Santa Clarita Outdoor Report: One Way Street
Breathing. It’s something we normally do 12-18 times every minute. But just for a moment - pay attention to the flow of air. Take a deep breath. Hold it for five seconds. Then slowly breathe out. You have what is called a bi-directional flow of air to and from your lungs.
According to Dr. C.G. Farmer, associate professor of biology at the University of Utah, this is also described as a “‘tidal’ breathing pattern: Air flows into the lungs' branching, progressively smaller airways or bronchi until dead-ending at small chambers called alveoli, where oxygen enters the blood and carbon dioxide leaves the blood and enters the lungs. Then the air flows back out the same way.” Read full press release, click here.
Most, but not all, animals have this breathing pattern. Birds do not, they have a unidirectional pattern. As Dr. Farmer describes it, “their breathing is dominated by one-way airflow in the lung itself. The air flows through the lung in one direction, making a loop before exiting the lung.”
Here’s how it works: birds have 2 lungs AND 9 air sacs. Their lungs, like ours, are involved in the exchange of oxygen and carbon dioxide. But their air sacs funcion like bellows, moving the air along as they expand and contract. Click here to see an animated description of how this works.
Why would this breathing pattern be useful for birds? Do you remember the last time you flew in an airplane, when you heard the safety lecture: In the event of a loss of cabin pressure, oxygen masks will drop...”? What’s true for us is also true for birds - we both need oxygen. But there is less oxygen at higher elevations. Bi-directional breathing patterns are generally less efficient than than unidirectional patterns.
To visualize this, let’s try a mind experiment. Imagine that you are standing on the sidewalk in front of a two-way street (a bi-directional pattern). Both lanes are jam-packed with cars, an equal number travelling north and south. The cars moving north contain oxygen while the cars moving south contain carbon dioxide. Now imagine the same street, but this time, it’s a one-way street, with only 1/2 the number of cars. Both lanes of traffic are moving north, so all the cars contain oxygen. Here’s the question:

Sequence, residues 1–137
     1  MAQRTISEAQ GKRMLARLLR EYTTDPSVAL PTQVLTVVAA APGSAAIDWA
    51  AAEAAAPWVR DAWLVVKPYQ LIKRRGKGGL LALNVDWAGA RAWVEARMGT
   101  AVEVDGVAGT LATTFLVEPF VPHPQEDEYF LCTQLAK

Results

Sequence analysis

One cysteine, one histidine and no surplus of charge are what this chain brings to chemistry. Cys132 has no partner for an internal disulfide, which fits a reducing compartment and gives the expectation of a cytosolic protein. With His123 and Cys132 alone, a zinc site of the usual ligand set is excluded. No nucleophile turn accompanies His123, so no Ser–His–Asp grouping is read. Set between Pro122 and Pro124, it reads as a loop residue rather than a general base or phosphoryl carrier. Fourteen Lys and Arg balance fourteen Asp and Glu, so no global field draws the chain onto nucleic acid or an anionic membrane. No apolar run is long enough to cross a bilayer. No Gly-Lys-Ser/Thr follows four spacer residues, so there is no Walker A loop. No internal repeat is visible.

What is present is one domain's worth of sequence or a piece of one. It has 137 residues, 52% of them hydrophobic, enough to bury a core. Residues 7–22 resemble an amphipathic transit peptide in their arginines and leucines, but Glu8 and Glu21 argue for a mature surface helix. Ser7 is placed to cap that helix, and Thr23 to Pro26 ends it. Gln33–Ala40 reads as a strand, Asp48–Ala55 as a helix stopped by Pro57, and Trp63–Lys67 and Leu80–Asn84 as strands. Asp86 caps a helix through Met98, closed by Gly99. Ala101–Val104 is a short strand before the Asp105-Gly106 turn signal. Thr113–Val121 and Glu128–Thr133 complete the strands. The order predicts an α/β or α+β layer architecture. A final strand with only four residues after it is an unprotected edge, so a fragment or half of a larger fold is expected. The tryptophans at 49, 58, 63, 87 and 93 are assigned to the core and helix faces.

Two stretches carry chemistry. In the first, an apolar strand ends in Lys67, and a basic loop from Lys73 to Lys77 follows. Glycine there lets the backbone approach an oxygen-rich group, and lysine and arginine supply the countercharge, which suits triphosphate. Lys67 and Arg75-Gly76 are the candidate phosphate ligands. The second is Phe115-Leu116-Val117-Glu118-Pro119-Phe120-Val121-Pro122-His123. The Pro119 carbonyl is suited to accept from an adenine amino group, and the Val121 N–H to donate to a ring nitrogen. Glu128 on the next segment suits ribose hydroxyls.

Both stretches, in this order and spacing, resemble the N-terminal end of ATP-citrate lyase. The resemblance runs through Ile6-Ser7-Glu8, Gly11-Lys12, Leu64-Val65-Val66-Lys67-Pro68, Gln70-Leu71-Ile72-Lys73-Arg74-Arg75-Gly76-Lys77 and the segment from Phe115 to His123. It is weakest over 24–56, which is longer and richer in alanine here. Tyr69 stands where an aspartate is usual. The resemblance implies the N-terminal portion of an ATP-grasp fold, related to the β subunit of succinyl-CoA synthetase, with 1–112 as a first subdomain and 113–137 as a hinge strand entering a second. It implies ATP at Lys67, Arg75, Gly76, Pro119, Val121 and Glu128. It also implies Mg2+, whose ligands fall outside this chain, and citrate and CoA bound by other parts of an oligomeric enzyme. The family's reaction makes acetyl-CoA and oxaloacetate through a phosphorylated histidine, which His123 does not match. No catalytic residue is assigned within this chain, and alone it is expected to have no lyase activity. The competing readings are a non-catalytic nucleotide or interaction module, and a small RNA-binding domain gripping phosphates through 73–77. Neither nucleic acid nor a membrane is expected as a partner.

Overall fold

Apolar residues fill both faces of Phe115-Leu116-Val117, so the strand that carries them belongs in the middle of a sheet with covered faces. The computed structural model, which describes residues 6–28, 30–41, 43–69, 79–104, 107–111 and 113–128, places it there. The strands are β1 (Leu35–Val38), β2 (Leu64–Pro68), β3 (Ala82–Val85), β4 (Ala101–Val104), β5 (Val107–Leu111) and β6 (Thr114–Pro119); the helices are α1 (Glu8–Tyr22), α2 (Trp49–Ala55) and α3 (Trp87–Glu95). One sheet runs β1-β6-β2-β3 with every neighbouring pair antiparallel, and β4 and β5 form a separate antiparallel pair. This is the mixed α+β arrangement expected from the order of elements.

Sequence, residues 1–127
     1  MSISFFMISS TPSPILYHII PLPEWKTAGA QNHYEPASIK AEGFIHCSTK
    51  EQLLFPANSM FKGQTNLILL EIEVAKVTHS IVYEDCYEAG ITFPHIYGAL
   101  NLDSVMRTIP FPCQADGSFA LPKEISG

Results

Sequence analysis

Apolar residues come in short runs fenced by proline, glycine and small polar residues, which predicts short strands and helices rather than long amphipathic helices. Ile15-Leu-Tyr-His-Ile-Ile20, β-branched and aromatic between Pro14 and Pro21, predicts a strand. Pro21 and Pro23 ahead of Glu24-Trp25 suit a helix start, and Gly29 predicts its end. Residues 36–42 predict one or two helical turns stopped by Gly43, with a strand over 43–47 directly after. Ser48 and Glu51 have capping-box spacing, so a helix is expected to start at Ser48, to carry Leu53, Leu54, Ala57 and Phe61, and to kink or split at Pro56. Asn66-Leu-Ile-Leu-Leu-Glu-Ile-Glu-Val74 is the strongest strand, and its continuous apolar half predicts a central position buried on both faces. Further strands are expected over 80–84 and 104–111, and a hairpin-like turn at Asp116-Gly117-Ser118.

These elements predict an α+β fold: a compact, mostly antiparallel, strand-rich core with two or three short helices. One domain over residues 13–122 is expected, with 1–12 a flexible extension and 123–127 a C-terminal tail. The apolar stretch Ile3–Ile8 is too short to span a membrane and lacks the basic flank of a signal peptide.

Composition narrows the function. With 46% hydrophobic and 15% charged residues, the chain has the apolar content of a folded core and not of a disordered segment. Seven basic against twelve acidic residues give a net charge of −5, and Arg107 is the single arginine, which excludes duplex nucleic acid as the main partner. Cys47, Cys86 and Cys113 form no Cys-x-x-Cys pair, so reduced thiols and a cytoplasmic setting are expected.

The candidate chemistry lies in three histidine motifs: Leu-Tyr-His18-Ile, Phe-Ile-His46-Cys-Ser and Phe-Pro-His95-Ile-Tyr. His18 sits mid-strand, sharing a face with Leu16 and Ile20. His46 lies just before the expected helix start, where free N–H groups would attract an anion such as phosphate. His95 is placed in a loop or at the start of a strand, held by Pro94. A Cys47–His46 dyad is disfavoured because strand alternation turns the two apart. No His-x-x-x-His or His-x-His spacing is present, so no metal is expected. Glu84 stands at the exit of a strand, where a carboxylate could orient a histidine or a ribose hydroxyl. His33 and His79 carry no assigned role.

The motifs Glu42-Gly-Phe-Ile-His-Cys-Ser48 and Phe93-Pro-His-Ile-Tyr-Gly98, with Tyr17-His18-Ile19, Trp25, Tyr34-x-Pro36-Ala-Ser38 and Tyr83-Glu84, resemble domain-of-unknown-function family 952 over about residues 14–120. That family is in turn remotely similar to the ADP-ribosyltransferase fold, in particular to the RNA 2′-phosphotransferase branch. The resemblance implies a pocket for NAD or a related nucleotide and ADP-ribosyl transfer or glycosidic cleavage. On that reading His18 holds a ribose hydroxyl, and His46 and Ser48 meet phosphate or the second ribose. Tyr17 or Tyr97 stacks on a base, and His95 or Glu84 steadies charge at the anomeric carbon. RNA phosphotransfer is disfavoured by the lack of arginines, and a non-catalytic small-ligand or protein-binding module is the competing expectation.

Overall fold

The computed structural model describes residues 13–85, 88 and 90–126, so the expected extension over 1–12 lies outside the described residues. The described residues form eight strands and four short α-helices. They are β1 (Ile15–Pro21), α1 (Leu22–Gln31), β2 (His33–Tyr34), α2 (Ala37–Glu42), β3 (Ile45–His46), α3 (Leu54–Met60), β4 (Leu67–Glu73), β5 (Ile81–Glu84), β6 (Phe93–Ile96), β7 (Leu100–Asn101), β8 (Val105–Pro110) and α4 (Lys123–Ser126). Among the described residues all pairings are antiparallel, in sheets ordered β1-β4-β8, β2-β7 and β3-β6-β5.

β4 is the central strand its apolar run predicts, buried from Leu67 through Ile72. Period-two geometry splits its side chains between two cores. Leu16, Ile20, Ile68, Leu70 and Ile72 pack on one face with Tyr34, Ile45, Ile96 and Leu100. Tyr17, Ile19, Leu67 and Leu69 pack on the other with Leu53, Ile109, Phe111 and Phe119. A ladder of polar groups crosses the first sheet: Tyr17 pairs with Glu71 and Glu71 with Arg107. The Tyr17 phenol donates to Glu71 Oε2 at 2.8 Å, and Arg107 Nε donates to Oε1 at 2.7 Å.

Q. Which traffic pattern carries the most oxygen-containing cars?
A. Both patterns contain the same number of oxygen-containing cars. Even though the total number of cars on the one-way street is half that of the two-way street, the number of cars containing oxygen is the same.
Free Birding App. For those of you who are looking for a good birding app for your Apple cellphone or iPad, the Cornell Lab of Ornitholgy is offering a free app. Click here for more information.
Upcoming Santa Clarita Outdoor Events:
Saturday, February 15, 8-10 am. Winter Weather and Bird Behavior. On the coldest days of the year, birds adapt to keep warm in many ways. Learn about some of the behavioral changes that take place. Beginning birders are welcome. Binoculars optional. Meet at Towsley Canyon’s front parking lot. Click here for map and directions.
Trail Maintenance Schedule. Come join our volunteers as they help maintain our trails. Contact Steve at firstname.lastname@example.org for time and place.
Wednesday mornings, February 5, 12, 19, & 26.
Saturday mornings, January 15.
New trail maps available. If you’d like to explore a bit on your own, the City of Santa Clarita has a website with trail maps of our local open spaces.
There’s also a new website for bicycle riders.
Ask Dr. Norm: Do you have questions about the flora, fauna, animals, rocks, etc. in our Santa Clarita Valley? Here’s a place for you to ask your questions. Dr. Norman Herr, Ph.D., is a professor of science and computer education at California State University, Northridge.
Tell Us About Your Hike: Here’s a new website where you can post pictures, provide feedback and make suggestions about the City of Santa Clarita’s trails and open spaces.
You can listen to stories like this every Friday morning at 7:10 a.m. on "The SCV Outdoor Report", brought to you by your hometown radio station KHTS (AM1220) and by the Mountains Recreation and Conservation Authority.
Or check out our Facebook page - L.A. Mountains.